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Lynn,

Here in New York, we have three government jurisdictions: counties, towns (subdivisions of counties), and incorporated villages (usually smaller pieces of towns).  For various reasons groups of people who live near each other don't always choose to form a village, but they may have a name for the place they live.  They are single place names, representing single geographic areas. They often have post offices, but usually nothing else.  There really is no governmental jurisdiction involved.  No government body that represents that named area.  It is literally, just a named area.  They are unincorporated parts of larger incorporated towns (which clearly are established as names.)

How should we establish these places?  Through NACO or SACO?  We'll be using them as subjects. Because there are no governments that could act as authors etc., we now think they should be established through SACO.  But  places like this that are currently established are generally in NAF as name headings.  (Examples: Delmar (N.Y.), Hartsdale (N.Y.), Loudonville (N.Y.)



  
>>> [log in to unmask] 11/19/02 02:34PM >>>
John,
    Jurisdictional status is the primary difference between geographic
name and subject headings.  Jurisdictions at any level are established
as name headings.  Geographic features, regions, and collective names
for groups of jurisdictions are established as subject headings.
Lynn

Lynn M. El-Hoshy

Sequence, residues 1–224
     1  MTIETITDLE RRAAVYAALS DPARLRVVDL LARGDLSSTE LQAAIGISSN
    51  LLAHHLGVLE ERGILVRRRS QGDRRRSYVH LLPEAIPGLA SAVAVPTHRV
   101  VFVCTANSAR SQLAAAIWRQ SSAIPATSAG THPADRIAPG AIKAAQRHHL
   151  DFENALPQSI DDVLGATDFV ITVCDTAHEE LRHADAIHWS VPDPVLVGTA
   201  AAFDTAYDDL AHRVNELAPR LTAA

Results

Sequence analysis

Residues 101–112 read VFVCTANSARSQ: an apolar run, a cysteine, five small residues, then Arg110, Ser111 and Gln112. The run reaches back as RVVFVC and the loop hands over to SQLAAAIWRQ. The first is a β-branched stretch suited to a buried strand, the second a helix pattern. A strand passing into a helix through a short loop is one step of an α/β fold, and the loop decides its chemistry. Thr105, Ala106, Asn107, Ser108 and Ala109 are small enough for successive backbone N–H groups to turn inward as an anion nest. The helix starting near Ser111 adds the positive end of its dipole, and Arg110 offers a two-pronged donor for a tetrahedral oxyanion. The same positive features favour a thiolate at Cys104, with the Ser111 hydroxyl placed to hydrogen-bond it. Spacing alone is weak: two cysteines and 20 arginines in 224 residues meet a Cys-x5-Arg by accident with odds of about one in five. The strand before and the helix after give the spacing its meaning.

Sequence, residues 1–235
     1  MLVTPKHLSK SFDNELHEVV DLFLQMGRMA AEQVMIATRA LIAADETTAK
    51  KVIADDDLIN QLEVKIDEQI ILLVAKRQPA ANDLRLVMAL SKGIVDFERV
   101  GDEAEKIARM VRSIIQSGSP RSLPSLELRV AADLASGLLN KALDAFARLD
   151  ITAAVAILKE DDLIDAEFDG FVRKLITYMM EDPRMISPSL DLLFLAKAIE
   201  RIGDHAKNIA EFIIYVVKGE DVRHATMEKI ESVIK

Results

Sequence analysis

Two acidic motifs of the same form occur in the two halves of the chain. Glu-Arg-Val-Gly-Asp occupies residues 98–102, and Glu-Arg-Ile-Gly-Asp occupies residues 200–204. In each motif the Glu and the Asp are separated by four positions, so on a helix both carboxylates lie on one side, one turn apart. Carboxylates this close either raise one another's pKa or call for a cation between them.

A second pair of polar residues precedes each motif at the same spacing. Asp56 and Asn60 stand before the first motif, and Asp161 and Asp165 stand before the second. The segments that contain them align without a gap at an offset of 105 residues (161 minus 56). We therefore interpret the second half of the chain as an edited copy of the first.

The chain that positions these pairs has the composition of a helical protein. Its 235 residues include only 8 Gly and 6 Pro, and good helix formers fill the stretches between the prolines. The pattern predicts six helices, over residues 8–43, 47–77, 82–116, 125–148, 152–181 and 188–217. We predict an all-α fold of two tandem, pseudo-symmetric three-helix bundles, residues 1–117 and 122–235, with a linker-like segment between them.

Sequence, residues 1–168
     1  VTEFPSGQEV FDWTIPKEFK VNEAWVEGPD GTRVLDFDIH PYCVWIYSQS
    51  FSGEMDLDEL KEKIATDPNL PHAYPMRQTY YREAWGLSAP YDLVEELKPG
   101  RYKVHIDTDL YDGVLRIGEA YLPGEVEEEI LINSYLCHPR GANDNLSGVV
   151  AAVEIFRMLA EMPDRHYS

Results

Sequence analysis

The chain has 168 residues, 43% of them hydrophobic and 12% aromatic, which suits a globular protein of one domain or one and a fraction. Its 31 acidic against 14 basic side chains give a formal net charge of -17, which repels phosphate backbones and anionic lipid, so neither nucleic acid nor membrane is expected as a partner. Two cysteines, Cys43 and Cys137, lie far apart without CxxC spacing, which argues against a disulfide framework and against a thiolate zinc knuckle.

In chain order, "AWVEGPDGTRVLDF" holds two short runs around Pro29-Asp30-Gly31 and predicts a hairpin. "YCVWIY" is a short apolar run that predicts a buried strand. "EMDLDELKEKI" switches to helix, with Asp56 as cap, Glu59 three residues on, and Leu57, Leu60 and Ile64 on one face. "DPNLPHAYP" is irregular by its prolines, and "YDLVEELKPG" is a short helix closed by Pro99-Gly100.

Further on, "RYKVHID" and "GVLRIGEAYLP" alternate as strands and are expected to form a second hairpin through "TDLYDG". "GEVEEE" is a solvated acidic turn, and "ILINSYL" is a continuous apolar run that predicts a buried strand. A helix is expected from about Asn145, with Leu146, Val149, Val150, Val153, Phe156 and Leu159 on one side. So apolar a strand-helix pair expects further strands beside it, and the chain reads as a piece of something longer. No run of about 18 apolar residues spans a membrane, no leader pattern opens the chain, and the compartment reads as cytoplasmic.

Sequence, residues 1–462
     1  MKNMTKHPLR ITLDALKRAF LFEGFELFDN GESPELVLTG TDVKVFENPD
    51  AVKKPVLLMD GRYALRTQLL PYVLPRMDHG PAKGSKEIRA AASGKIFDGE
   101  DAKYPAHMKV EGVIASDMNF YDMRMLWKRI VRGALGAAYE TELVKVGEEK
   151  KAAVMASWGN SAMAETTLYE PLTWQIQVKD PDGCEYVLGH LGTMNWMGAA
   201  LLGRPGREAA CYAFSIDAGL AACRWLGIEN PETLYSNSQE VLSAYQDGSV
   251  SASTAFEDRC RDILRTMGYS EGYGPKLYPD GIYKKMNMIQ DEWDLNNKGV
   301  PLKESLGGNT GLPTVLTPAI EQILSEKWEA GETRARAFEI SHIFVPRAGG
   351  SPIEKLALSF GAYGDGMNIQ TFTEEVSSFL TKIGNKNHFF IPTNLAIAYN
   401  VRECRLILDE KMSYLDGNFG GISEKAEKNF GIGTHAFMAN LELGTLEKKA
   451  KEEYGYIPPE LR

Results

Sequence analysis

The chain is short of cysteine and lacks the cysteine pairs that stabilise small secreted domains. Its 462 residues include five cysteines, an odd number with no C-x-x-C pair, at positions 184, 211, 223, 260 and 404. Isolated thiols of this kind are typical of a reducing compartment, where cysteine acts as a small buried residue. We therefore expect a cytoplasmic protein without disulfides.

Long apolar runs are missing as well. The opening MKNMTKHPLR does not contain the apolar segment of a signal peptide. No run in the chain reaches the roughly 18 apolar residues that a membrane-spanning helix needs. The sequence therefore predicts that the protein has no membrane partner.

Senior Cataloging Policy Specialist
Cataloging Policy and Support Office
Library of Congress
101 Independence Avenue, SE
Washington, DC 20540-4305
Telephone:  202-707-5862
Fax: 202-707-6629
Email:  [log in to unmask] 

Ian S. Duckor
New York State Library
Cultural Education Center 6th FL
Albany, NY 12230
518-474-8610


>>> [log in to unmask] 11/19/02 11:47AM >>>
Thanks.  I'll submit it.  Just curious, what makes this SACO rather
than NACO?
Where does it fit in the division of the world?


On Tue, 19 Nov 2002, Lynn M El Hoshy wrote:

> John,
>      I hope that you were planning to make a SACO proposal.  A
heading
> naming a group of cities collectively would be a geographic subject
> heading.  An example is Hamptons (N.Y.) (sh85058600).  It would need
> geographic qualifiers for both states in which the cities are
located.
>
> Lynn M. El-Hoshy
> Senior Cataloging Policy Specialist
> Cataloging Policy and Support Office
> Library of Congress
> 101 Independence Avenue, SE
> Washington, DC 20540-4305
> Telephone:  202-707-5862
> Fax: 202-707-6629
> Email:  [log in to unmask]